"The true test does not rest upon the determination as to whether or not the municipality is reaping a monetary gain, nor whether such activity has been held to be of such a public necessity that expenditure of funds in connection therewith was for a public purpose. It has been said that the liability or nonliability of a municipality for its torts does not depend upon the nature of the tort, the relation existing between the city and the person injured, or whether the city was engaged in the management of tangible property, but depends upon the capacity, in which the city was acting at the time. It is not the character or name of the agent who executes the duty of removing the cause of discomfort and ill health to the public which fixes the character of the duty performed, but it is the act itself which determines whether it is governmental or ministerial. What are governmental powers and duties, and what are corporate duties, is not subject to precise definition further than to say this: The powers and duties of municipal corporations are of two-fold character; the one public as regards the state at large, insofar as they are its agents in government; the other private insofar as they provide the local necessities and conveniences for their own citizens. A municipal corporation `possesses two kinds of powers; one governmental and public, and to the extent they are held and exercised, is clothed with sovereignty; the other private, and to the extent they are held and exercised, is a legal individual. The former are given and used for public purposes; the latter for private purposes. While in the exercise of the former the corporation is a municipal government, and while in the exercise of the latter is a corporate legal individual.' It has been said that the character of a municipal function as public or private depends upon whether it was undertaken primarily for the benefit of the community as individuals or primarily for the benefit of the municipality as a corporate entity. * * * * * * In determining whether activities of a municipality are governmental or proprietary, *228 it is proper to consider whether the activity is primarily for the advantage of the state as a whole or for the special local benefit of the community involved, and to further consider whether the activity is in performance of a duty imposed upon the municipality by the sovereign power, or is in the exercise of a permissive privilege granted by the sovereign power; but such tests are not conclusive in determining the capacity in which the city's activities are conducted." (Footnotes omitted) 18 McQuillin, Mun. Corp. ยง 53.29 (3d Ed. 1977).

In Jones v. State Highway Commission, supra, at 229, our Supreme Court states: "Through use of the `governmental-proprietary dichotomy', liability or non-liability of a municipality for its torts has come to depend upon the character of the act performed, not the nature of the tort. A `maze of inconsistency' has developed in suits against cities, producing `uneven and unequal results which defy understanding.' "Matters are further complicated by the fact that even though a particular activity is classified as proprietary, certain phases of that activity may be governmental; the converse is, of course, also true.[1]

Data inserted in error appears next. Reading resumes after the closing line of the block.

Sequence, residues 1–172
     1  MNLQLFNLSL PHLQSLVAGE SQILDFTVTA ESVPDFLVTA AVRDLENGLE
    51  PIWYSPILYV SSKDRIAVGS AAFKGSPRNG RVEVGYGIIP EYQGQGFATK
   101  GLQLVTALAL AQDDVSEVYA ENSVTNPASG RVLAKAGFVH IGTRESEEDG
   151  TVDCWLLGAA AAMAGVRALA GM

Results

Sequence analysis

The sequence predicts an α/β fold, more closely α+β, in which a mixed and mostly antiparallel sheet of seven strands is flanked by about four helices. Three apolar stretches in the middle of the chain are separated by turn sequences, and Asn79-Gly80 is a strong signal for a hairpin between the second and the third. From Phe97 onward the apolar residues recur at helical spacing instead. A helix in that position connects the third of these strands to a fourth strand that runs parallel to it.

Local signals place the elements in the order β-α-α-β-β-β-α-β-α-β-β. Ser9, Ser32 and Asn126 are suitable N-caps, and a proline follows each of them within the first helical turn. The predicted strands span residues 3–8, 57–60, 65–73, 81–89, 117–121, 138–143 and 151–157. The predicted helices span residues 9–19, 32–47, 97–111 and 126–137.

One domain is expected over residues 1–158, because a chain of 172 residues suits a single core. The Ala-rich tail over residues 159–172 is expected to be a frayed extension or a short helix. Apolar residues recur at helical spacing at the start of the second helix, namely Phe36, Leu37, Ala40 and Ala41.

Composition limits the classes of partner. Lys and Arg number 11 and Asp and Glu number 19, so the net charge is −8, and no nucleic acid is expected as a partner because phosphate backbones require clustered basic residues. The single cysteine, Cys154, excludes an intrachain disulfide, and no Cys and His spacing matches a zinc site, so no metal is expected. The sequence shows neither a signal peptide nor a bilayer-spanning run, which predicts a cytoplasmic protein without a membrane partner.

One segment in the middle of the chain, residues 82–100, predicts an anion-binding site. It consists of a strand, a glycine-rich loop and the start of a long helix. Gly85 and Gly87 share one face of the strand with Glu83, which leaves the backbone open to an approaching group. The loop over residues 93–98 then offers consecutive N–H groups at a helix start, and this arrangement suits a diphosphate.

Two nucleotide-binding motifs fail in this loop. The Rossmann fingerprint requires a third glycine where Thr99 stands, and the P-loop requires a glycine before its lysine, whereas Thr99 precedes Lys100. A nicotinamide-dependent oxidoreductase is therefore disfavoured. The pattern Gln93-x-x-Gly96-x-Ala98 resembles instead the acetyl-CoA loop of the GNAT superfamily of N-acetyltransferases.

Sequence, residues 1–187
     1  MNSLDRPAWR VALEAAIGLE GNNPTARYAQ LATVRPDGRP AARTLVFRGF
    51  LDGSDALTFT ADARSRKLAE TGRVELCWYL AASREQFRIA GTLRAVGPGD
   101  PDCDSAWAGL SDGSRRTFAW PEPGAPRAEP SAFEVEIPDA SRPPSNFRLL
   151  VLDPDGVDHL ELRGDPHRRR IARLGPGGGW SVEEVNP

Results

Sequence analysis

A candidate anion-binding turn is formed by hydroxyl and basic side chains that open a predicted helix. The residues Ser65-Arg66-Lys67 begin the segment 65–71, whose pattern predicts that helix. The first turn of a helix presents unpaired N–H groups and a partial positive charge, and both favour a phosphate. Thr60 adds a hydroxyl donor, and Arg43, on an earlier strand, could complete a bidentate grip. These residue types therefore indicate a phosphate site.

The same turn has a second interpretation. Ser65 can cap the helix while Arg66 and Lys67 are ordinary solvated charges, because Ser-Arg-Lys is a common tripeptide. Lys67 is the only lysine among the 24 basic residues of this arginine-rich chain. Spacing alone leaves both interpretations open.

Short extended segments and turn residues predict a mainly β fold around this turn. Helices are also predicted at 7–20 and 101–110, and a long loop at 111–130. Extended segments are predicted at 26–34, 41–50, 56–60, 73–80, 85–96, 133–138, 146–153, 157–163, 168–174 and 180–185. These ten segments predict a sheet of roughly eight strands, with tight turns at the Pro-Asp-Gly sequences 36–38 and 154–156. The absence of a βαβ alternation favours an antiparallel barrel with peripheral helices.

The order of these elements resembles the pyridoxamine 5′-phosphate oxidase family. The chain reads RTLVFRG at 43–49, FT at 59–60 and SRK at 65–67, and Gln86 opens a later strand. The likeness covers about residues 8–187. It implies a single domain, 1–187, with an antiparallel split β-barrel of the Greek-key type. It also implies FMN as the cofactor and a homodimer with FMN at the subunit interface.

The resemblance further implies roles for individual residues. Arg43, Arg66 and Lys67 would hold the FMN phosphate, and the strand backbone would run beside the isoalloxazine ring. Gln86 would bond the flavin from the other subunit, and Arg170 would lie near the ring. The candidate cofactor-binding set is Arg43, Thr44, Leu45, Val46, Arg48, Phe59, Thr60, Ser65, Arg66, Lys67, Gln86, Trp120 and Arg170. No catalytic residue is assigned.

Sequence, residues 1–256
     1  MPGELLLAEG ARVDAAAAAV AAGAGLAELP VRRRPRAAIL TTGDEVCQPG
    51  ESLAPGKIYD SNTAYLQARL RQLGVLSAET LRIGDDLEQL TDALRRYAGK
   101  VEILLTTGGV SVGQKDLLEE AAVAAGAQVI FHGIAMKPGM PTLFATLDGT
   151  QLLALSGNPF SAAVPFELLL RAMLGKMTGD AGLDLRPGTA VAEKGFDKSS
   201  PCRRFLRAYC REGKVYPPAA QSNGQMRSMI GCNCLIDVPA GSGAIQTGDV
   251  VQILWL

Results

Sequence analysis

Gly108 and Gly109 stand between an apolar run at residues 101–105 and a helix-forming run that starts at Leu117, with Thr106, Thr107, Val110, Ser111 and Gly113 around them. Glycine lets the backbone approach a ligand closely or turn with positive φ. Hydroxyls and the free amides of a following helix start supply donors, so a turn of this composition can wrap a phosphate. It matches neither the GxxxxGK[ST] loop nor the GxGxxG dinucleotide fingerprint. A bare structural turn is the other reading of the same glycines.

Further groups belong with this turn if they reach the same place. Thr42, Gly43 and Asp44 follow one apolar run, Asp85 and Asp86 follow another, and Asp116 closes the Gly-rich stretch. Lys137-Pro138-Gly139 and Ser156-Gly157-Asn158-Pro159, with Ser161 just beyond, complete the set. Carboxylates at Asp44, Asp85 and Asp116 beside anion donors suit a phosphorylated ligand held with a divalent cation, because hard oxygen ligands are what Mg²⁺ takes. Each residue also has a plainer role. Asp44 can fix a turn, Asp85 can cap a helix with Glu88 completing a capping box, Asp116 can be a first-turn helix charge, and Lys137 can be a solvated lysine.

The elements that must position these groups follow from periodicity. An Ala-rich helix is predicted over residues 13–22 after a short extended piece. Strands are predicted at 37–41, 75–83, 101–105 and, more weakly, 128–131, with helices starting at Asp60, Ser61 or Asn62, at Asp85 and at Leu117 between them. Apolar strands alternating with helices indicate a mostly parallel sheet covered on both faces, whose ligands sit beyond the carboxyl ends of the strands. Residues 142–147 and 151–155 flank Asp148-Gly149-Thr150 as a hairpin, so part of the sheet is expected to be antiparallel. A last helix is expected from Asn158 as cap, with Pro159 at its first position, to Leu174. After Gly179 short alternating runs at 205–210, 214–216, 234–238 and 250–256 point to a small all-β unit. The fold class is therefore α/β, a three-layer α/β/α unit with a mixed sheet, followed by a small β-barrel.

While it appears from the affidavits in support of the motion that the purpose of the School District and the major function of its radio station may be educational, the counter-affidavit, which supports some of the allegations of plaintiff's amended petition, indicates there are some phases of its operation that are not. According to the counter-affidavit the station operates during times when there are no students in school or involved in the station; it has a full-time staff, none of which are students, and, the Corporation for Public Broadcasting exercises a certain amount of control over the manner and method of the station's operation. Plaintiff's amended petition avers the alleged defamatory story was broadcast by a paid staff member, based upon his own research or investigation, without student participation, and that this same staff member made the decision to air the alleged defamatory story.

The particular use of the radio station at the time of the tort is determinative. Burke v. City of St. Louis, 349 S.W.2d 930 (Mo.1961); see Weiser v. Kansas City, 481 S.W.2d 568 (Mo.App.1972). At the time of the alleged defamatory broadcast plaintiff claims there was "substantially" no student involvement. Plaintiff further claims: "That the particular news program complained of was handled and broadcast by paid staff personnel with students seldom, if ever, called upon to participate in any meaningful sense."

Review of a summary judgment is done in two steps: one, whether there is a genuine issue of material fact, and two, whether the prevailing party was entitled to judgment as a matter of law. Kaufman v. Bormaster, supra; Rule 74.04(c) V.A.M.R. A genuine issue of fact exists when there is the slightest doubt as to a material fact; a fact is material if it is of such "legal probative force as would control or determine the result of the litigation." State ex rel. McDonnell Douglas Corp. v. Gaertner, 601 S.W.2d 295, 298 (Mo.App.1980).

Because there is doubt as to the use of the radio station during the alleged defamatory broadcast, we conclude there are material issues of fact to be determined and the lower court erred in granting the School District's motion for summary judgment. Accordingly, the judgment of the trial court *229 is reversed and the cause remanded for further proceedings.

PREWITT, P. J., MAUS, C. J., and HOGAN, J., concur.

NOTES

[1] In Lober v. Kansas City, 74 S.W.2d 815, 822 (Mo.1934), the court notes the dual functions of a city water system; "supplying its inhabitants with water for revenue, a proprietary purpose, and also for the prevention of fires and for keeping the city sanitary and healthful, a governmental purpose...."

The court in Wasserman v. Kansas City, 471 S.W.2d 199 (Mo. banc 1971) points out that while the operation and maintenance of a park is a proprietary function, maintaining order (e.g., crowd control) within the park is a governmental function.

In Wieser v. Kansas City, 481 S.W.2d 568 (Mo.App.1972), the court held that even though the operation of a city hall is a governmental function, that part of the building which is used by the water department is a proprietary function.